Wastefulness involves giving too much and taking too little. Ungenerosity involves giving too little and taking too much. The wasteful person is more easily cured, since he may grow old and poor and reach the intermediate condition of generosity. However, he still takes from and gives to the wrong sources, spending too much money on pleasures. Ungenerous people are impossible to cure. They are also more common, since "the many are money-lovers." There are several variations of ungenerosity. Misers do not give enough, but they do not steal. Robbers, usurers, gamblers, and those in "degrading occupations" take from the wrong sources.
Magnificence also involves wealth, but only in large expenses and donations. A magnificent person "spends the worthy amount on a large purpose." Not all generous people are magnificent. The expense must achieve a worthy result. Expenses honoring the gods or promoting the common good, such as civic events, are examples. The gifts resemble dedications. Magnificent people also spend a fitting amount on themselves, like "a house befitting [their] riches."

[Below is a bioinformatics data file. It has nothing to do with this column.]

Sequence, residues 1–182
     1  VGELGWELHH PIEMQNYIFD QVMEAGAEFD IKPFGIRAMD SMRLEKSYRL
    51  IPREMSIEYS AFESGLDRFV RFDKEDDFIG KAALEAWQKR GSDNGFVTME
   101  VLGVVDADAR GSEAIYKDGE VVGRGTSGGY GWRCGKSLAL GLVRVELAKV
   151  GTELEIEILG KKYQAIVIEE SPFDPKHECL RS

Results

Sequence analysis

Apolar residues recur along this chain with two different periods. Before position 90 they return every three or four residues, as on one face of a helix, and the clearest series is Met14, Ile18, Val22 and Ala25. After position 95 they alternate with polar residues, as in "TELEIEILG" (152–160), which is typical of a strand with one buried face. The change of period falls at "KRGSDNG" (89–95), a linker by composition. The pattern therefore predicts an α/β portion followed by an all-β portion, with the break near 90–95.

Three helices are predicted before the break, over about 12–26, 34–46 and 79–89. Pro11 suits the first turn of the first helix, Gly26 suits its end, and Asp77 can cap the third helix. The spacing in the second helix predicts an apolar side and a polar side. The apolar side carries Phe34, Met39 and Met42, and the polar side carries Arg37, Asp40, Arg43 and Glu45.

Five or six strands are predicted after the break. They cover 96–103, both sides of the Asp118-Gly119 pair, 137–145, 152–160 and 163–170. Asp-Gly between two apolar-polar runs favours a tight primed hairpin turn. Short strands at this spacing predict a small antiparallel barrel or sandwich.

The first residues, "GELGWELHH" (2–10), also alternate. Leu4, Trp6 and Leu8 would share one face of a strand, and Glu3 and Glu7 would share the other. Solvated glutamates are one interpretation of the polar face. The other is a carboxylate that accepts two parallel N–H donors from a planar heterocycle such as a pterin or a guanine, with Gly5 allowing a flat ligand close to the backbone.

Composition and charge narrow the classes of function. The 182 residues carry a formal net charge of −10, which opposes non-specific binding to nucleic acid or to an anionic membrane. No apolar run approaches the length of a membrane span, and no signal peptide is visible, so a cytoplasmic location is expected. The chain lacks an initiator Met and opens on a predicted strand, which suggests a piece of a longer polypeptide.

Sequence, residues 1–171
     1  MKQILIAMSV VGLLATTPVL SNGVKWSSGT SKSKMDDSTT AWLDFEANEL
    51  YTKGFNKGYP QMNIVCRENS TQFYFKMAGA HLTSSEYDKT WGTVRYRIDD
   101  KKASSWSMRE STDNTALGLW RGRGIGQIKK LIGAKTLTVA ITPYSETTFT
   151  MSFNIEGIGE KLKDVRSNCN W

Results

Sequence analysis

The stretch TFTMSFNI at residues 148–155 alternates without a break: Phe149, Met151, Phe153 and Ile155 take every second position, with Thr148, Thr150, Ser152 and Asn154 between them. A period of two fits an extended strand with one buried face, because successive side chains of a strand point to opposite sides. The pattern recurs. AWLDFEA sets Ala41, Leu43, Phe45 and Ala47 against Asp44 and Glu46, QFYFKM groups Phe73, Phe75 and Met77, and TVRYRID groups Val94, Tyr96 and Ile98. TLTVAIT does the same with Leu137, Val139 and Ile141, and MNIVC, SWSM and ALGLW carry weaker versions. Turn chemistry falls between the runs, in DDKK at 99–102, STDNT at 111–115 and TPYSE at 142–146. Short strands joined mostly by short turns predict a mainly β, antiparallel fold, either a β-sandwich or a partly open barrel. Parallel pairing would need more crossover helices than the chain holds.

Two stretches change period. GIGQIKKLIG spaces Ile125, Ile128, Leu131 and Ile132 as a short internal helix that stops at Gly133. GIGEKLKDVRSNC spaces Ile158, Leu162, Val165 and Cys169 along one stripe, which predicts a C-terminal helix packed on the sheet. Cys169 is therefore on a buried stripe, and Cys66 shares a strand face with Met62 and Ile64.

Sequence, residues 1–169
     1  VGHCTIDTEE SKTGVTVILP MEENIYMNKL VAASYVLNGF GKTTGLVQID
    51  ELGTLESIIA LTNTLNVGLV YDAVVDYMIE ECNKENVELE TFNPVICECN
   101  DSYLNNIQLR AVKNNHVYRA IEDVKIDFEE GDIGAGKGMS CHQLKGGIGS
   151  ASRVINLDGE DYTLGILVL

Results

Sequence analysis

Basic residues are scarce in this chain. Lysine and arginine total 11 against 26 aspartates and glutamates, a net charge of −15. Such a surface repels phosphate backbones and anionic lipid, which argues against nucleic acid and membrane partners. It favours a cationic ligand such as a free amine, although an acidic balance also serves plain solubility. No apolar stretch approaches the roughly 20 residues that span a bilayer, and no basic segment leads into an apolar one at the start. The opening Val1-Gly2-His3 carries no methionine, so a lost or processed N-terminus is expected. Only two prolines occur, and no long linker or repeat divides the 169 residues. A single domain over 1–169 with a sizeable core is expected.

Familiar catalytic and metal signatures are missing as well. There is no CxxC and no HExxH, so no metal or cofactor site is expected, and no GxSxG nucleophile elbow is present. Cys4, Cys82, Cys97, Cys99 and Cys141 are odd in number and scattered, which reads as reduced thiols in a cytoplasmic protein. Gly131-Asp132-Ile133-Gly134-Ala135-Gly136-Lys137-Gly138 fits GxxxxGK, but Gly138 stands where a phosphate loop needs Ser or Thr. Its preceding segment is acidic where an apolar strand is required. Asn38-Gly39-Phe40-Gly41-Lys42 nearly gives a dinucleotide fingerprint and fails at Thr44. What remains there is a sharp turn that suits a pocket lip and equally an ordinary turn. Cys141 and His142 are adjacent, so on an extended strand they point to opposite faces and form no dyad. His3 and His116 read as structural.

A vulgar person spends more than he should on inappropriate displays of wealth. A stingy person spends as little as possible. Nevertheless, neither vice does much harm to others.